Blog Post #11


HTML is a set of rules that tell computers how to interpret the code of the website. HTML5 is the 5th generation of these rules. It’s not a single “thing” or a colossal technology. To put simply, it is a collection of several current technologies used to make websites while amplifying its strengths of interactivity and connectivity. HTML5 doesn’t belong to a specific company or a certain browser. It’s like a collaboration of universal browser standers to push web capabilities further. With HTML5 you can expect improved multimedia, audio and graphics, capability of offline use and storage, improved performance, being able to target the largest number of devices with little development effort, safer and more secure, and lower costs and easier maintenance.  To this day, there are already many different HTML5 features on the internet, it is still in development and probably won’t be 100% complete for several more years.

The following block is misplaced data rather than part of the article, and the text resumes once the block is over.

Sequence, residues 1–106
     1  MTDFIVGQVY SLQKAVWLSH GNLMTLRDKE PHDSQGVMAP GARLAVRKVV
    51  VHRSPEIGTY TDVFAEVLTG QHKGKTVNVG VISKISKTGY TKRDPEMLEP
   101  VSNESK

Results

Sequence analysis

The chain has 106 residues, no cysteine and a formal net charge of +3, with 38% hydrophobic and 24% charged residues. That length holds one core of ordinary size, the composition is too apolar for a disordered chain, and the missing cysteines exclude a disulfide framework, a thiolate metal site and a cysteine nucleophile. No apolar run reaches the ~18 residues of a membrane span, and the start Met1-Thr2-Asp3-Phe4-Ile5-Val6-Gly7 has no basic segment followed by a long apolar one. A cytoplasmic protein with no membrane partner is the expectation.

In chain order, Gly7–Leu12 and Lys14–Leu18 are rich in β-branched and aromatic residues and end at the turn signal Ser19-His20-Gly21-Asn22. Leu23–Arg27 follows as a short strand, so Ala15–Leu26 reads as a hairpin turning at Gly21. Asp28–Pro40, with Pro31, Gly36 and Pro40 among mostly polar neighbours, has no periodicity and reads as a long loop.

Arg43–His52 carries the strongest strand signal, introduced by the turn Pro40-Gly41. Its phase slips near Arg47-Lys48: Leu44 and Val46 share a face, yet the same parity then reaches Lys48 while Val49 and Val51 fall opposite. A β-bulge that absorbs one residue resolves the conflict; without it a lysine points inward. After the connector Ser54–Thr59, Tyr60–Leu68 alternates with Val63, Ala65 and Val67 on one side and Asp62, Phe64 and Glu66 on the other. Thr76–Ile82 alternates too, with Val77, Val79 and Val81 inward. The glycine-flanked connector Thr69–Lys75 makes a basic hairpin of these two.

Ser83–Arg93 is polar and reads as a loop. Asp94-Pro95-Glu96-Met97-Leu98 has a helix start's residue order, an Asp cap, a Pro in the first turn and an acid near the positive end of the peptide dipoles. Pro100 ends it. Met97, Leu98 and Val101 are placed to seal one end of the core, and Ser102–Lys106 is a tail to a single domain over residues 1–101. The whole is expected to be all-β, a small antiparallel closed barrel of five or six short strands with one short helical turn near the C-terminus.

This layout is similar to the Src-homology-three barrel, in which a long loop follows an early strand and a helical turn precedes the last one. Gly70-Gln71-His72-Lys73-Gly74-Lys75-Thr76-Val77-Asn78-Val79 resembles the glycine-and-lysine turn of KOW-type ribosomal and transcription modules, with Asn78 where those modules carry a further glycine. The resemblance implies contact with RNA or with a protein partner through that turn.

Brad Neuberg, who works for Google, gives a 42 minute introduction to HTML5:

Introduction to HTML 5 from Brad Neuberg on Vimeo.

HTML 4.01 and XHTML 1.0?

Compared to HTML5, HTML 4.01 get plenty of errors due to its more lenient parsing rules. HTML 4.01 also has no multimedia support, unless you use plugins. As for XHTML 1.0, it’s more complicated to write than HTML5.


There are a few drawbacks that come with using HTML5.

  • Browser support – It only supports modern browsers, meaning everything except Internet Explorer.  Thought it’s becoming lesser used today, there’re still a few that use this dinosaur and its older versions.
  • Still working on it – Another problem is that the language is still a work in progress, which means that anything can change.
  • Licensing Issues – multimedia, like audio, will need to be compressed in several formats in order to be compatible with most browsers, so it’s a bit more work.



The Endless Mural is a web app, created by Eric Fickes, where you are given a canvas to create shapes and drawings based on the gestures of your mouse. It encourages to the user to experiment, draw, and play using the tools provided. Once you are happy with what you created, you are able to submit your work to its ever-growing gallery. A <video> element is used in the help section.


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